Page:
Last Updated Aug 12, 2009 2:00 PM EDT
Apple is famous for its products, but shrewd marketing has been an essential component of the company's success. Former Apple CEO John Sculley was not being entirely cynical with his famous observation that Apple was, first and foremost, a marketing company. While it's fair to say that Apple's engineers are the company's foundation, it's clear that without Apple's marketing and public relations teams, its mythic aura would long since have vanished. Here's how the company does it.
1. A Clear Sense of the Customer
Apple has positioned itself as the tech provider for the creative class, so it often injects a dose of avant-garde savvy into its advertising. The iPod’s boldly colored ads, for example, could have doubled as art school projects (or acid trips). Other spots simply articulate and emphasize the investment Apple has put into its design “language” — the engineering and styling that make its products so instantly recognizable. In almost every instance, Apple strives to appeal to anyone who lives (or aspires to live) a more creative life, and the results flatter both Apple’s products and the people who use them.
2. No False Modesty
Apple is not afraid to market its devices as game changers that are far better than the alternatives. Nobody would ever call Apple shy or self-effacing. That does wonders to reinforce Apple’s brand, but it has a risky downside: Apple’s barely concealed undercurrent of arrogance makes its fans feel like part of a special group, but it also repels some potential customers.
3. Standout Advertising
Whether you prefer a Mac or Windows PC, an iPhone or a Blackberry, there’s no denying that Apple has become one of the world’s most recognized brands, and Apple’s advertising and marketing efforts have done much to make that happen. Apple’s traditional advertising campaigns have been managed by the same ad agency, TBWA/Chiat/Day, since 1997. Ambitious, nonconformist, and witty, Apple’s campaigns do more than just feature products: They also take explicit potshots at key competitors. The “I’m a Mac” ad campaign, for example, which contrasts a cool hipster (representing Apple) with an uptight office drone (representing Microsoft) was typically effective. Of course, the depiction of Microsoft as a bumbling, Dilbertesque suit recalls the powerful message of a much earlier ad campaign: the famous “1984” spot that Apple ran in 1983 to mark the launch of the original Macintosh, which characterized IBM as the agent of dystopian corporate conformity.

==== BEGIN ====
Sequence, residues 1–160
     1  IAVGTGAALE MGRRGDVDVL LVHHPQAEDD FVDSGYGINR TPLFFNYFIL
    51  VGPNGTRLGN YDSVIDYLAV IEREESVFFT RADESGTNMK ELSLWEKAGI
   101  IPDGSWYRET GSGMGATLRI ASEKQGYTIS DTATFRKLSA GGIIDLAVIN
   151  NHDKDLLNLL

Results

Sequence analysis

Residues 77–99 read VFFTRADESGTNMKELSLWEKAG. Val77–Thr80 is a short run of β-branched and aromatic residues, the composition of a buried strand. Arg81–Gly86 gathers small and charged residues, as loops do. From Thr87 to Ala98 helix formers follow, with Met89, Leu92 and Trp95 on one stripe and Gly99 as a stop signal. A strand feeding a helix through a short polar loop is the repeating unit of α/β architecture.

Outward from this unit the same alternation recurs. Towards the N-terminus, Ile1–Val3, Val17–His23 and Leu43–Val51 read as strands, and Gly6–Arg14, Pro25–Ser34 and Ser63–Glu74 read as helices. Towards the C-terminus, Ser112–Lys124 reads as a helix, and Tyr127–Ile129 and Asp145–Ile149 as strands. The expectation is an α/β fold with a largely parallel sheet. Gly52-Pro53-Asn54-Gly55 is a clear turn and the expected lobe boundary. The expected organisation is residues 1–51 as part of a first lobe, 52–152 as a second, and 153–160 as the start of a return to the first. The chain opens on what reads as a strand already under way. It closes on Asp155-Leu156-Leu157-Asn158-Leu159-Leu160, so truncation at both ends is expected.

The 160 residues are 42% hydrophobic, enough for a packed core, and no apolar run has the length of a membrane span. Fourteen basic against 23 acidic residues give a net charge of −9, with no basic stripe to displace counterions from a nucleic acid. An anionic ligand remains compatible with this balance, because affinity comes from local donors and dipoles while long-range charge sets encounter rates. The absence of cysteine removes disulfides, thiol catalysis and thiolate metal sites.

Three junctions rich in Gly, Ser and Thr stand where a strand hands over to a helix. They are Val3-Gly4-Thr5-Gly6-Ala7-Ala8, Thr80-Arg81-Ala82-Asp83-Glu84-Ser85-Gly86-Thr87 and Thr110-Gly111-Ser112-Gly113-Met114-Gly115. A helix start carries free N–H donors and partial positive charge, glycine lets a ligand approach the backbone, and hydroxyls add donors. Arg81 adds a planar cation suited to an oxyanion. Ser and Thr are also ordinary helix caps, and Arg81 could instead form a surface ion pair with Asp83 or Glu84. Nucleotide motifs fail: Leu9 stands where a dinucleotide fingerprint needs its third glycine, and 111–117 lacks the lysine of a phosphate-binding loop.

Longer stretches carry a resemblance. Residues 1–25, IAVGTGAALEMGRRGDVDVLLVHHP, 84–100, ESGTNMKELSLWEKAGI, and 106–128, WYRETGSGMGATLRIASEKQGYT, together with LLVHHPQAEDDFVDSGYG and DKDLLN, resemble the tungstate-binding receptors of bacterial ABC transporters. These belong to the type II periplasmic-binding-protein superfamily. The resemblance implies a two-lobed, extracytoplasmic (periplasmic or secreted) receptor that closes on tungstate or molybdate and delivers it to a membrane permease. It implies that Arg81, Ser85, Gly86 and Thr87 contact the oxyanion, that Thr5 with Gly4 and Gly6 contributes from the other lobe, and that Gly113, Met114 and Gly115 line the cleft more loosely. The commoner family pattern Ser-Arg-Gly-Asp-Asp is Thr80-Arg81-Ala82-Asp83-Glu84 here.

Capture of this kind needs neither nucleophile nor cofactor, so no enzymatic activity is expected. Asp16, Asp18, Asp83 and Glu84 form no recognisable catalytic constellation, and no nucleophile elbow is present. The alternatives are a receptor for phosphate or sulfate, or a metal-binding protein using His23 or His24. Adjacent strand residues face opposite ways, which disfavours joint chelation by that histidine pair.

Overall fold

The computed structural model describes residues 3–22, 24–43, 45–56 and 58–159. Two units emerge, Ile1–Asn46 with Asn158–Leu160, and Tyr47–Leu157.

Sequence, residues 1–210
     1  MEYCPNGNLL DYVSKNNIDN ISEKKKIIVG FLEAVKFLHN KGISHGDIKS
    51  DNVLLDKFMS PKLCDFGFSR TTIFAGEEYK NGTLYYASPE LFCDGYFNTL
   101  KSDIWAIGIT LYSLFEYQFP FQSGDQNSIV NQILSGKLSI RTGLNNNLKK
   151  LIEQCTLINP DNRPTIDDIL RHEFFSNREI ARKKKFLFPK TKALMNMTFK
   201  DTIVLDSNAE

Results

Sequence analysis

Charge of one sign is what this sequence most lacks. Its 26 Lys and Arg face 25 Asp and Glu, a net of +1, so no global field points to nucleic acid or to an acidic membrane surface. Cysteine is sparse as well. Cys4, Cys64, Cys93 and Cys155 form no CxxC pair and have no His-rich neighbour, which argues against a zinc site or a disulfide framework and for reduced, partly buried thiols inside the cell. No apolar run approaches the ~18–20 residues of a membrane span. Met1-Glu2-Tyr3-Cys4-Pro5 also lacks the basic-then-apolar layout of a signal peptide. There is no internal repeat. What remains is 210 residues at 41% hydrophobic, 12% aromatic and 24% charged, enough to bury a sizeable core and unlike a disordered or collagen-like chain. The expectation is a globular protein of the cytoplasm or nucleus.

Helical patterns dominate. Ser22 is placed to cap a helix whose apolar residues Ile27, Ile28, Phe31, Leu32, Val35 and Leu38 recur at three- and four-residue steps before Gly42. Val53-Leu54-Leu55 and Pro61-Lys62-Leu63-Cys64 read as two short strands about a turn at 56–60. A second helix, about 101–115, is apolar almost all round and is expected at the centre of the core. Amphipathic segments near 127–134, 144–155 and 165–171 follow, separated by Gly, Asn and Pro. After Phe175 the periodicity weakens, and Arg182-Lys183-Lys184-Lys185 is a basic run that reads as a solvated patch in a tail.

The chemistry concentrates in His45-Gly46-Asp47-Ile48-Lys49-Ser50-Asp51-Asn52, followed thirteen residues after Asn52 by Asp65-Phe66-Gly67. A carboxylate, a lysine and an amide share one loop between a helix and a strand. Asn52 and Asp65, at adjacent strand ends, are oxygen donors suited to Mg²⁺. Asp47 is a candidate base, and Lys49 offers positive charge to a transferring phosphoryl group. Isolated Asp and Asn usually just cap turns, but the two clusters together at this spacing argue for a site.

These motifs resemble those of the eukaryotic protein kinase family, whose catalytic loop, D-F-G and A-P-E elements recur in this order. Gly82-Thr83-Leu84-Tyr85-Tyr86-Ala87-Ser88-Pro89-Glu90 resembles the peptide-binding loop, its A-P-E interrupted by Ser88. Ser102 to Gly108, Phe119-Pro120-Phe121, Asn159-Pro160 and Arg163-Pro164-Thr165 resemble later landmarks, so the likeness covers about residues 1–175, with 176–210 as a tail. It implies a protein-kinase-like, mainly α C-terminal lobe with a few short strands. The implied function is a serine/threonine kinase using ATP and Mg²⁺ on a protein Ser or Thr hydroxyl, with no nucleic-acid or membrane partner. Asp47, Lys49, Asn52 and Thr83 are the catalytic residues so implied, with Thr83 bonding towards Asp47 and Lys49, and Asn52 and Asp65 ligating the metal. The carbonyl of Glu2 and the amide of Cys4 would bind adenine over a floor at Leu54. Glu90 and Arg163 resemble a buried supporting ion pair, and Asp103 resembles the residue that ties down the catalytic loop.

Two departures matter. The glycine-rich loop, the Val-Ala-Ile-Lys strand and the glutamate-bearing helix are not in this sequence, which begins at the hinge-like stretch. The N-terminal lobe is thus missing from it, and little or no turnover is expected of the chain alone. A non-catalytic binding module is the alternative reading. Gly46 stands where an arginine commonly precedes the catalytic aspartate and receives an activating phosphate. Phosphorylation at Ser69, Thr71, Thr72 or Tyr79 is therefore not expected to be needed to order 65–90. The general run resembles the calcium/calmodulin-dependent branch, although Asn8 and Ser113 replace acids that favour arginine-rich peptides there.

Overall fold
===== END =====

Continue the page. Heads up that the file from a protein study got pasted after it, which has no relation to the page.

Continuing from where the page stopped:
4. Not-Too-Public Public Relations
Apple’s PR department, which maintains contacts with traditional journalists, bloggers, television shows, and just about anyone who covers the company regularly, has never fit the stereotype of fawning, eager-to-please flacks. “The genius of Apple’s PR is the way the company uses secrecy and misdirection to generate buzz around its product announcements,” says Nick Ciarelli, the creator of Think Secret, a now-defunct Apple blog that aroused the company’s ire. The launch of an Apple product resembles nothing so much as a military assault: months of impenetrable secrecy and denial, misdirection campaigns, waves of rumors, and finally a massive barrage of publicity as the veil comes off. “It’s a strategy that infuriates partners, big corporate buyers, and the press, but it allows public speculation to build to a fever pitch,” Ciarelli says.
It’s also fair to say, however, that secrecy and misdirection can be carried too far. Apple’s PR attempted to pass off Jobs’ recent serious illness, which ended in a liver transplant, as a “common bug,” a whopper that helped provoke shareholder lawsuits against the company.